One of the most controversial topics of engineering is how to handle technical debt. I would like to talk about my opinion on how we can secure the time to work on this.
Technical Debt? Implement the Feature Anyway
Engineers sometimes complain that your manager or business does not understand technical debts. Stakeholders and product managers bringing new ideas to the backlog to expand the sales. Or requesting urgent bug fix to react to premium customers’ complaints.
“All right, I understand the need for re-design. But do we really need to take that now? Now, we are in the critical moment in the business”
You might have the experience to get an opinion like this. Your technical debt cannot be resolved as a result.
There is a time to process while accepting technical debts. If your system release is publicly announced, you would like to meet the deadline no matter what. Or if you have a critical bug fix that can impact our product reputation, we don’t have time to re-design the system.
But we need to be careful to make decisions to defer actions for technical debts. Most of the time is a critical moment in our business. We can release our products as a result if we implement automated tests in the first place. Appropriate activity rather makes the achievement faster like this. Haste makes wastes. Engineers understand this. Stakeholder sometime does not. If that the case, it’s the engineers’ responsibility to push forward. As a professional, you are responsible to stop it if you know that would become problematic. Just like Peter Drucker told in his book, “not knowingly to do harm”, is the basic rule of professional ethics.”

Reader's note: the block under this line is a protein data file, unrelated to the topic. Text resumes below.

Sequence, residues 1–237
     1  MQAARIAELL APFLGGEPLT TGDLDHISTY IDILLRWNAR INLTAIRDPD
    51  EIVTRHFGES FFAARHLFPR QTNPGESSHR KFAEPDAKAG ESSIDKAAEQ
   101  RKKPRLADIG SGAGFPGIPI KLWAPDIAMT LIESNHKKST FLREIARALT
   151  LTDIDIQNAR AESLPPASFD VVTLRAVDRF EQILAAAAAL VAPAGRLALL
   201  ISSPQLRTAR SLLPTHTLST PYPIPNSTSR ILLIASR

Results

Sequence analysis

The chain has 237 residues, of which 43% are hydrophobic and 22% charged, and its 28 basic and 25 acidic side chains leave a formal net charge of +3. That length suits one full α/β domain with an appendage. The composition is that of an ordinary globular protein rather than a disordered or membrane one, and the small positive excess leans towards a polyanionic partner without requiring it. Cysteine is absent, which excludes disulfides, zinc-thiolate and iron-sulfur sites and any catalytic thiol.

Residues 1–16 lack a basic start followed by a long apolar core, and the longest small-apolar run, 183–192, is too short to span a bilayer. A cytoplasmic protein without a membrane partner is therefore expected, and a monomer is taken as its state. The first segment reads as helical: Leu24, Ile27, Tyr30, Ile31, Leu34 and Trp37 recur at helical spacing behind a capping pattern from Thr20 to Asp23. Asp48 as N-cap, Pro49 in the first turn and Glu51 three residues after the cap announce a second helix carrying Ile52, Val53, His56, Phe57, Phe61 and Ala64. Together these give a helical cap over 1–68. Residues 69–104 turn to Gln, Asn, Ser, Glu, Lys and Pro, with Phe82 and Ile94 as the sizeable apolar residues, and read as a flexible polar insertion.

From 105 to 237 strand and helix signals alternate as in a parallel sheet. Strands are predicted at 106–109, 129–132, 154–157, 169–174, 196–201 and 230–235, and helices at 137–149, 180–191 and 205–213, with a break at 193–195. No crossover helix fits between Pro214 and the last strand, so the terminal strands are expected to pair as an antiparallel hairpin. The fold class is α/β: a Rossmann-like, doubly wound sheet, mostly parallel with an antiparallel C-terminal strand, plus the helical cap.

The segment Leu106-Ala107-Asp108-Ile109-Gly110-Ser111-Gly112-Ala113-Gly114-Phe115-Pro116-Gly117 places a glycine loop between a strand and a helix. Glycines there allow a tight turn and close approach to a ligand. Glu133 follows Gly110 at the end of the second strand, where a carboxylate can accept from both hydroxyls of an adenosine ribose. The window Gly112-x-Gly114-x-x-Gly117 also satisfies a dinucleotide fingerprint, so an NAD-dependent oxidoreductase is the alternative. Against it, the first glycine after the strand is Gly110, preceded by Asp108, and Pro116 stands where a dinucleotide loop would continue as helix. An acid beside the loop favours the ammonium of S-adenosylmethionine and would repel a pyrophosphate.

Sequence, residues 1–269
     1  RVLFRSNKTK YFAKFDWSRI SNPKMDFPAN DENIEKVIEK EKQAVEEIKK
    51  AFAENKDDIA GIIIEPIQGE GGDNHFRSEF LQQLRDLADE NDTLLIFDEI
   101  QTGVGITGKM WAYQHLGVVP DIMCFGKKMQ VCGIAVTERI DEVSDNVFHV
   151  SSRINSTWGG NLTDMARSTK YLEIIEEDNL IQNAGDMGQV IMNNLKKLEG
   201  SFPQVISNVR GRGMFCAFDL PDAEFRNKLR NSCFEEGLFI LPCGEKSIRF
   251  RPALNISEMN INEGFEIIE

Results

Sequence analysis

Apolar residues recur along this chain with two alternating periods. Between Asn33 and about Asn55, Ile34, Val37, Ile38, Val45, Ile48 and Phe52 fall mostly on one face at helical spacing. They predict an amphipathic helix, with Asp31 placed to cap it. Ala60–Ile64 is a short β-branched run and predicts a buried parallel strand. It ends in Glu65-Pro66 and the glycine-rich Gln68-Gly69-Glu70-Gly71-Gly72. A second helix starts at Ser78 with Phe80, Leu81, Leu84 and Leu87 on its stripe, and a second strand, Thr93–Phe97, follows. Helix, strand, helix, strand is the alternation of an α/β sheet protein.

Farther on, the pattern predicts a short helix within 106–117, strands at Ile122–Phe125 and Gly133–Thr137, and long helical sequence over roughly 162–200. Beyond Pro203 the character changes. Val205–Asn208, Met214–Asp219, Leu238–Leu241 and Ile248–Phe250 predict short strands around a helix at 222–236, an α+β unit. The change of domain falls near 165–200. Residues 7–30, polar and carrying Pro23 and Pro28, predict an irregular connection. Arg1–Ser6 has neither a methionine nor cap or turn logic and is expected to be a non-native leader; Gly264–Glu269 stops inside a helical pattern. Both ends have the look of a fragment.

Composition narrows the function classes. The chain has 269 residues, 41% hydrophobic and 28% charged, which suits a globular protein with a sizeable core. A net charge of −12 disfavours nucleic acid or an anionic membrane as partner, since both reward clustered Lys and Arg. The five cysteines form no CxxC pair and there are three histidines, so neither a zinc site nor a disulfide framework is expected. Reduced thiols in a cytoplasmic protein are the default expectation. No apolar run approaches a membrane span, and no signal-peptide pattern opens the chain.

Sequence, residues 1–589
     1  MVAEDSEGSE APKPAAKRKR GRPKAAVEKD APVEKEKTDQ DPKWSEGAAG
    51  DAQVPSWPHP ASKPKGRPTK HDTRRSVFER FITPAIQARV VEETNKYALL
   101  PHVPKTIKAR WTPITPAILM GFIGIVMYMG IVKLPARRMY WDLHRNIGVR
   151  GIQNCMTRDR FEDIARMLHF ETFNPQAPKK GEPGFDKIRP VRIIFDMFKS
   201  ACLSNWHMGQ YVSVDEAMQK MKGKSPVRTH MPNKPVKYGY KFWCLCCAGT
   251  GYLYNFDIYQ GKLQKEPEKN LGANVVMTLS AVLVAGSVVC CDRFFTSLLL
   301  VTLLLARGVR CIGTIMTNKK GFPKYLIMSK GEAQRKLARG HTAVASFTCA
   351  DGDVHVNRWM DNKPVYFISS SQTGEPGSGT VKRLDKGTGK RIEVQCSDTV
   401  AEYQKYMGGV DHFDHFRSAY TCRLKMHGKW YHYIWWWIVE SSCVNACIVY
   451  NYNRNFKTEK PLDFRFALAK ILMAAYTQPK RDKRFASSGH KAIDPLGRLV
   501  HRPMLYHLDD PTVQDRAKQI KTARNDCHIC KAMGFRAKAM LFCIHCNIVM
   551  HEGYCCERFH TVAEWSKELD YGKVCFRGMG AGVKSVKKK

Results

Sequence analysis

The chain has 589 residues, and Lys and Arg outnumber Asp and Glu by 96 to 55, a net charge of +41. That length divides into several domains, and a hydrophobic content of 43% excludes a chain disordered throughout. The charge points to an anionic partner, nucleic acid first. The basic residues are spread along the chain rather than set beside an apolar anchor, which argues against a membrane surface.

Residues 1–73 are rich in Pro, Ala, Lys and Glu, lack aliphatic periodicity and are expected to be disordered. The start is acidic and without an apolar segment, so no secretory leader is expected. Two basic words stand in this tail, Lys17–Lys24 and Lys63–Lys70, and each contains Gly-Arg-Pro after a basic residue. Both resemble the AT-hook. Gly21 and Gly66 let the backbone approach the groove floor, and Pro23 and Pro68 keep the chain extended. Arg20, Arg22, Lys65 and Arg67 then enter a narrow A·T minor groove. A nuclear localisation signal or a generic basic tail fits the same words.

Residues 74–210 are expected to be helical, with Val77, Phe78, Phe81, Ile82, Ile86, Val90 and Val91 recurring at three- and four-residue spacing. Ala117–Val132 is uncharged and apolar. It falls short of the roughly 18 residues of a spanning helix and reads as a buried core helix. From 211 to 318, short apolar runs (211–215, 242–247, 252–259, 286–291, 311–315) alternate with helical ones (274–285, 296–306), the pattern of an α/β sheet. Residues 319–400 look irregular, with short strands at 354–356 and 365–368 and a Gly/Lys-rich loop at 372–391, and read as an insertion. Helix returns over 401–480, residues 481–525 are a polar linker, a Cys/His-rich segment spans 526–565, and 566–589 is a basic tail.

You should not complain that your manager does not understand technical debts.
Big Rocks First
How we can proceed with such an activity which is hardly understood by peoples? Stephen Covey brought us a clue from his book “First Things First”. You can assume that technical debts are like big rocks.
This is the story from his fellow. The fellow brought a jar and bag of rocks and said, “How many of these rocks do you think we can get in the jar?” He put the rocks into the jar. Eventually, the jar was full of rocks. He said, “Is that jar full?” People said “Yes”. Then he brought another bag which is full of sand. He said, “Is that jar full?”. People said “probably not”
This story provides us an idea of how to put the important item into the schedule. We need to put important things into a jar first.
You should not say like “please remove some sands since I need some refactoring”. That will most likely not work. Put your rocks first. Before planning the schedule for new features, you should schedule the refactoring for related systems or implementation of additional tests first. Then new features next.
Should We Talk About Rocks?
One discussion is whether we should talk about “rocks” or not. The jar contains some rocks. However, rocks cannot be found from outsides. It’s just a jar of sands. Should we talk about the truth?
I would like to quote the following from Martin Fowler’s “Refactoring”:
Of course, many managers and customer don’t have the technical awareness to know how code base health impacts productivity. In these cases I give my more controversial advice: Don’t tell!
You don’t have to shut up if your stakeholders understand the needs. However, if they cannot make an appropriate judgment, you do not have to talk about it. If the things get deferred because you talked about, you made your project failed. Sometimes silence can be a part of professionalism. If the jar looks like just sand and everybody can agree that, there is no problem. You don’t have to be awkward as you do that for the success of the project.
You need to be careful managing the stone. Don’t leave the rocks becomes too big to put into the jar. Or you should not put too many rocks at one time. Your stakeholder might complain that there is little sand put into the jar. It’s professional responsibility as an engineer to put rocks continuously while taking balance.